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Smoking During Breast Cancer Radiation Therapy Increases Risk of Lung Cancer

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A study reinforces the results of earlier research: Besides causing many diseases and increasing breast cancer risk, smoking can increase complications from radiation therapy.

In this study, women who smoked and received radiation to treat breast cancer had a much higher risk of developing lung cancer compared to women who didn't smoke and received radiation. Women who didn't smoke and had radiation to treat breast cancer were no more likely to develop lung cancer than women who didn't have radiation.

Smoking by itself increases lung cancer risk. This study found that smokers who didn't get radiation therapy were 6 times more likely than average to develop lung cancer.

This research looked at women who received breast cancer radiation therapy between 1965 and 1989. Because of improvements in the way radiation therapy is delivered, it's likely that the increase in lung cancer risk after radiation is less today than what's reported in the study. Advances in technology make it much less likely that lung and other tissues will be exposed to radiation during breast cancer treatment. Computers are used to plan radiation treatment that is extremely precise. The computer aims just the right amount of radiation only at tissue that needs to be treated. Other new technology gives radiation oncologists a wider and safer choice of radiation energy sources. Together, these two advances help the radiation oncologist avoid exposing the lungs to radiation intended only for the breast area.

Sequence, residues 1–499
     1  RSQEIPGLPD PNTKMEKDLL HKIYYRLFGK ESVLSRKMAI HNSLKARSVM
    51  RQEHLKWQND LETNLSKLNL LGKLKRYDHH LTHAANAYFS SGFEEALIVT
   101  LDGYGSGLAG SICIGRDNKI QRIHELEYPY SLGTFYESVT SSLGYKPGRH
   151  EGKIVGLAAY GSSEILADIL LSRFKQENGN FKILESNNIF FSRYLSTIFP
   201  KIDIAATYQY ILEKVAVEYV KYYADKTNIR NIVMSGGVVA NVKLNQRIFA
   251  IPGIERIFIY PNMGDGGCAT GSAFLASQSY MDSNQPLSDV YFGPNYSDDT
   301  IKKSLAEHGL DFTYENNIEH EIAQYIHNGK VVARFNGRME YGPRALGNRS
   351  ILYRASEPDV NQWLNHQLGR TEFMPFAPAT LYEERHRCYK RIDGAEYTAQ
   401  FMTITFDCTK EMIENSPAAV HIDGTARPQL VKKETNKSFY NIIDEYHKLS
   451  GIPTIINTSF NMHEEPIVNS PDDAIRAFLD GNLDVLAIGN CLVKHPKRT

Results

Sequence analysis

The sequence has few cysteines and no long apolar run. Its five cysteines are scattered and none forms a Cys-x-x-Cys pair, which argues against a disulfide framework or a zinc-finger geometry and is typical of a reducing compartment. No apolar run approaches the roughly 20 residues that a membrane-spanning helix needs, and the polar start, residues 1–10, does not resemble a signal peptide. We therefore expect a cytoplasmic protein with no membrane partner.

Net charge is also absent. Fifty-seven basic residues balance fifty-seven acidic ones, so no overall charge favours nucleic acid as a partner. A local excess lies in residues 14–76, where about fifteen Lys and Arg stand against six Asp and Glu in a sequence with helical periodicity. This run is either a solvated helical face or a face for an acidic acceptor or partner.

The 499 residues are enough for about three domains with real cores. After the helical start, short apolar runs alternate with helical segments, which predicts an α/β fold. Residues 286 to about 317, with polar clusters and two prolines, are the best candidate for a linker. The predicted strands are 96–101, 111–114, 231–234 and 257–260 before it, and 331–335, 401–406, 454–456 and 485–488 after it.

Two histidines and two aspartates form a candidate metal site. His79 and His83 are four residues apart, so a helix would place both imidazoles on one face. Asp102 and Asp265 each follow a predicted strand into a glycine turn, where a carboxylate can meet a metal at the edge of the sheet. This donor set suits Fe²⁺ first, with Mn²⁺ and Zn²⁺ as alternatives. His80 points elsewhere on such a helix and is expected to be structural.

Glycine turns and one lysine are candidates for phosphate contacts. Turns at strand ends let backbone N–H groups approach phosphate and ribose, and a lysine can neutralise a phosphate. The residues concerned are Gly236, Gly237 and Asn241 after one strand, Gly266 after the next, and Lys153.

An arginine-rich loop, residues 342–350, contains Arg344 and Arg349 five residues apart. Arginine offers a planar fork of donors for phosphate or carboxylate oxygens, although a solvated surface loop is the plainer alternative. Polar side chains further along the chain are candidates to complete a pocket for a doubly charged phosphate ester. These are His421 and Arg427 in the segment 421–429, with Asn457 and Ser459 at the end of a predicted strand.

If you smoke and have been diagnosed with breast cancer, please consider the following:

  • Smoking increases your risk for future breast cancer.
  • Smoking can cause non-cancerous lung disease and cardiovascular disease.
  • Smoking can cause lung cancer.
  • If you've had or will receive radiation therapy, the combination of smoking and radiation therapy dramatically increases your lung cancer risk.
  • It's never too late to stop smoking. If you're having radiation therapy, it's even more important to try to quit.
  • If you've had radiation therapy and smoke, think about talking to your doctor about developing a screening plan for lung cancer. One screening technique is a spiral CAT scan.

It can be very hard to stop smoking. But quitting is something you can control that can make a big difference in your health and well-being, now and in the future. But sometimes even knowing about all of the dangers isn't always enough to make you quit. Fortunately, if you're serious about trying, you have lots of help:

  • The American Lung Association offers a free online smoking cessation program. Local chapters of the American Cancer Society offer their Fresh Start program to help people quit smoking. You can also call their "quitline," at 1-800-ACS-2345, to get support and free advice on how to stop smoking from trained counselors.
  • Medications to help you quit can be taken as a pill, chewed as gum, or worn as a patch on the skin.
  • Acupuncture and meditation can also help.

Visit the Lower Your Risk section to learn more about how you can kick the smoking habit for good.

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